17 September 2012

Arsenide nanowires on graphite and graphene

Researchers at Norwegian University of Science and Technology (NTNU) have succeeded in growing gallium arsenide (GaAs) and indium arsenide (InAs) compound semiconductor crystal nanowires (NWs) on graphitic substrates such as few-layer graphene [A. Mazid Munshi et al, Nano Lett., published online 13 August 2012]. The researchers see this as a breakthrough, since earlier attempts to grow semiconductor crystal thin films on graphene and other graphitic substrates have thus far failed.

The NTNU spin-out Crayonano AS has already patented the technology developed by a team under the leadership of the company’s founders, NTNU professors Helge Weman and Bjørn-Ove Fimland.

“We do not see this as a new product,” Weman says. “This is a template for a new production method for semiconductor devices. We expect solar cells and light-emitting diodes to be first in line when future applications are planned.”

Figure 1: (a) Schematic of self-catalyzed GaAs nanowires on graphitic surface. (b) SEM image of nanowires grown on graphite. Inset, near top-view image. (c) Variation in average nanowire density with growth temperature. Insets: schematic of contact angles of Ga catalyst droplet at different temperatures. (d) SEM image of nanowires grown on graphite by two-temperature growth. Inset: tilted-view image of one nanowire. Scale bars are 200nm in the main figures and 100nm in insets.

Crayonano sees application potential for self-powered nanomachines and advanced 3D integrated circuits built on graphene and semiconductor nanowires, enabling smaller and more efficient electronics with self-powered consumer devices integrated into everything from clothes to notepads, along with more traditional uses in cell phones, tablets and exercise accessories.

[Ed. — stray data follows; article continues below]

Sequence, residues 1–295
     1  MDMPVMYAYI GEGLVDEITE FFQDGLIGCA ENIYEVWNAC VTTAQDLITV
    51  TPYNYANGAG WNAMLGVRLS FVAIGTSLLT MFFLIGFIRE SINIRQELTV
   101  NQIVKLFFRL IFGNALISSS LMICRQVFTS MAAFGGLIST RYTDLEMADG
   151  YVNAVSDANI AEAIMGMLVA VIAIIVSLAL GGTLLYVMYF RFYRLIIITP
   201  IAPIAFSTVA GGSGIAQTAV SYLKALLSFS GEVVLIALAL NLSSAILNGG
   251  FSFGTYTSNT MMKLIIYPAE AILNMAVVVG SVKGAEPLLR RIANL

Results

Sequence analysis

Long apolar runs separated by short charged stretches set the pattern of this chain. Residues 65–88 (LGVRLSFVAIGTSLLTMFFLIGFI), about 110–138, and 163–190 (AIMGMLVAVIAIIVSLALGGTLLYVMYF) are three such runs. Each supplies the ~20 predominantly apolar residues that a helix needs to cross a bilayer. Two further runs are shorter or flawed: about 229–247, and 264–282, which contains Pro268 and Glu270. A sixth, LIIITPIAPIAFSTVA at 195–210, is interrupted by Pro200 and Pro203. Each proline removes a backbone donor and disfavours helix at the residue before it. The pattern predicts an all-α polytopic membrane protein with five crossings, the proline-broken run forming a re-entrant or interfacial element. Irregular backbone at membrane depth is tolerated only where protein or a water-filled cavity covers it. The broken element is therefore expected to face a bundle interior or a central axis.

The paper adds: “We anticipate this particular GaAs nanowire/graphene hybrid to be promising for flexible and low-cost solar cells.”

The researchers also analyzed the ways in which compound semiconductor crystals can accommodate themselves to the underlying graphite/graphene hexagonal chickenwire structure. They found that their grown material fitted well with their theoretical concepts. In particular, growth of nanowires accommodates a larger mismatch in lattice parameters, compared with thin films of semiconductor.

The vertical GaAs nanowires (Figure 2) were grown on graphitic and few-layer graphene surfaces using self-catalyzed vapor-liquid-solid molecular beam epitaxy (MBE). The flux of the source gases needs to be optimized to increase the number of nanowires (NWs) and decrease the occurrence of parasitic crystals (PCs). In particular, it was found that a reduced temperature of 540°C was needed in the nucleation phase to form GaAs droplets with reduced contact angle that seems to favor the growth of nanowires. The nucleation was followed by a higher-temperature growth step at 610°C that reduced the number of PCs. The nucleation phase lasted 10 seconds and the higher-temperature growth step was five minutes long.